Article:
This Reuben sandwich is filled with corned beef, sauerkraut, and lots of cheese on rye or pumpernickel bread. It’s a great way to use up leftover corned beef from St. Patrick’s Day!
When I was a kid, my mom made Potato Pancake Reuben Sandwiches. I don’t know how she made the potato pancakes, but we always had potato pancakes instead of bread in our reubens. I remember eating them often; they’re a favorite of both my sisters, too.
After helping her father to prepare reubens one day last week, Grace came downstairs and announced, “I can just taste that reuben sandwich in my belly! I LOVE reuben sandwiches!”
I was delighted, especially since she’s grown quite picky in her old age.
Approximately 1/4 of Grace’s reuben sandwich ended up in her belly, which is a decent amount for her bird-like appetite.
Allie picked the guts of out her reuben, leaving her bread uneaten, but made up for it by eating part of my corned beef.
How to Make a Classic Reuben Sandwich
- Toast the bread. Classic reuben sandwiches are made with rye or pumpernickel bread, and those are the best options in my opinion. However, if you are gluten-free, there aren’t many options in either variety, so use whatever bread you have on hand.
As I write in the recipe notes below, I think this sandwich would probably taste the best with the bread toasted lightly on a griddle with some butter. However, I am incapable of making a grilled cheese sandwich without burning it, so I do not trust my griddle-toasting abilities. I put the bread in the toaster.
- Heat the corned beef. If you are using canned corn beef, as we do, dump it out into a skillet, break it up in little pieces, and brown over medium heat. If you’re using sliced corned beef (as leftovers from St. Patrick’s Day or because you purchased it sliced), lightly brown each slice in a skillet over medium heat.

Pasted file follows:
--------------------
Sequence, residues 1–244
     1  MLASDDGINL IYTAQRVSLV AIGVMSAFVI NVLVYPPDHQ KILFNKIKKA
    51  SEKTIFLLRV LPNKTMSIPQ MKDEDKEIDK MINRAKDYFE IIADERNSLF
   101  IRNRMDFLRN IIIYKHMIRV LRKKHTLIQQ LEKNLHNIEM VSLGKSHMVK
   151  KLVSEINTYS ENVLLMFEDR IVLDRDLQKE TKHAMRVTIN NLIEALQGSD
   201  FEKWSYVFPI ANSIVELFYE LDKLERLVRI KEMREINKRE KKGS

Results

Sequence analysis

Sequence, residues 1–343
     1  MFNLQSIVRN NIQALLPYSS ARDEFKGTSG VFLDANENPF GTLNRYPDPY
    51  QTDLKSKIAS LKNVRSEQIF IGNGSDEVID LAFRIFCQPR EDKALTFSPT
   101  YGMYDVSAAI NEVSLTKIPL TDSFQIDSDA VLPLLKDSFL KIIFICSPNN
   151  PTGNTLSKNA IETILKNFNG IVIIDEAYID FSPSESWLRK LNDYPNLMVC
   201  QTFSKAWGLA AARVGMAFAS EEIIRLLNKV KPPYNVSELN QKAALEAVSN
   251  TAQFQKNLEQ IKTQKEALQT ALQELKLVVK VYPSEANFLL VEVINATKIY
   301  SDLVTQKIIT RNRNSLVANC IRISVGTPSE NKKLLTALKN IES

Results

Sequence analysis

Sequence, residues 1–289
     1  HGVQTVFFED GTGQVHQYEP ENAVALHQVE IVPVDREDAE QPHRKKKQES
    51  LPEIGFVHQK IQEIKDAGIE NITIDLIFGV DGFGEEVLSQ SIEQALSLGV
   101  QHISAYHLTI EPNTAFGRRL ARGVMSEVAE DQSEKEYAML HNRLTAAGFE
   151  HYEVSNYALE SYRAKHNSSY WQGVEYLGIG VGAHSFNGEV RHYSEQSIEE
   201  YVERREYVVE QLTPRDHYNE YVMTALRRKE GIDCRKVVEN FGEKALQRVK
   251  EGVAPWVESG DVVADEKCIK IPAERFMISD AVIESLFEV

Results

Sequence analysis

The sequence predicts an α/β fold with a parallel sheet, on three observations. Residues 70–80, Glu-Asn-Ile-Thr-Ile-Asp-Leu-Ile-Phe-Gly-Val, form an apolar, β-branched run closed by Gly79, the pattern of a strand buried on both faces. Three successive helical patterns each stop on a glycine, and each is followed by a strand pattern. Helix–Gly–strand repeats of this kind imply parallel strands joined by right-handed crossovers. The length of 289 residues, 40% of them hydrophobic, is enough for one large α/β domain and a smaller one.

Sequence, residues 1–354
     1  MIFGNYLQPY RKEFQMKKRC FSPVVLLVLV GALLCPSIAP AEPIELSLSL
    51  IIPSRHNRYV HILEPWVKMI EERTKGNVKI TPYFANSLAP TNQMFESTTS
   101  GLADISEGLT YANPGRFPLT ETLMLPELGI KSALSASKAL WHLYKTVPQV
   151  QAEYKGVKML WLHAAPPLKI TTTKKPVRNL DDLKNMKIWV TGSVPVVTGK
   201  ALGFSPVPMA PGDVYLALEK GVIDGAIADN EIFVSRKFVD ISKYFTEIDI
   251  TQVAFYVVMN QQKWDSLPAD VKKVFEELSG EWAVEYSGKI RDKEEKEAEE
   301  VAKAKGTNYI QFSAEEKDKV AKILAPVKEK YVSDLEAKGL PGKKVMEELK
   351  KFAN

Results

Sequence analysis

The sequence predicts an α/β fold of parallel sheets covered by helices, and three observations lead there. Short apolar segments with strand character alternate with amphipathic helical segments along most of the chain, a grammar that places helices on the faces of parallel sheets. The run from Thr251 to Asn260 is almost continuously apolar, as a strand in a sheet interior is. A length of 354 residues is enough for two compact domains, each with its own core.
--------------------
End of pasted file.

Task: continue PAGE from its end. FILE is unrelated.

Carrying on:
- Assemble the sandwich. Start with a piece of toasted bread, then add a scoop of corned beef (or a couple of slices), a scoop of sauerkraut, a slice of Swiss cheese, and a dollop of Thousand Island salad dressing. Top with a second piece of toasted bread.
- Melt the cheese. Again, this would be easier if you made the sandwich like a grilled cheese, but I don’t, so I put my finished sandwich in the microwave for 30 seconds to heat the sauerkraut and melt the cheese. It comes out perfect.
I want to thank Udi’s Gluten-Free for sending me a care package of gluten-free goodies. When they heard I was trying a gluten-free diet, they sent me two loaves of gluten-free bread, some gluten-free bagels, gluten-free brownie bites, and gluten-free chocolate chip cookies.
You have to store most gluten-free baked goods in the freezer; they don’t last very long on the shelf. The bagels are still in the freezer, but I’ve really enjoyed both of the loaves of bread.
Before I was gluten-free (like more than a year ago), I sampled some Udi’s Gluten-Free products. I thought they were awful.
I’m being totally honest here. Gluten-free bread is much heavier and has a completely different texture than regular bread.
If you’re eating them side by side, you probably will not be pleased.
In January, after being gluten-free for well over a month, I had a sandwich on gluten-free bread, and I was really happy with it. It was close enough to the old stuff, and that’s all that really mattered to me.
Being gluten-free is something I need to do for my health, and Udi’s Gluten-Free products allow me to do that without sacrificing foods I used to love.
Udi’s Gluten-Free bread (My favorite so far is the ancient grain millet chia, because I like bread that’s full of seeds and such. I also tried the white sandwich bread, and it was good.) allows me to have grilled cheese, reuben sandwiches, meatball sandwiches, even a plain old ham and cheese sandwich with pickles. I am thankful for the normalcy.
And those chocolate chip cookies and brownie bites? Those didn’t last long enough to need to be frozen. I was expecting them to be bad, but they were oh-so-good. Yum.
I don’t know how they compared to glutenous goodies, because I wouldn’t allow anyone else in the house to have one. 🙂
© 2013 – 2020, Tara Ziegmont. All rights reserved.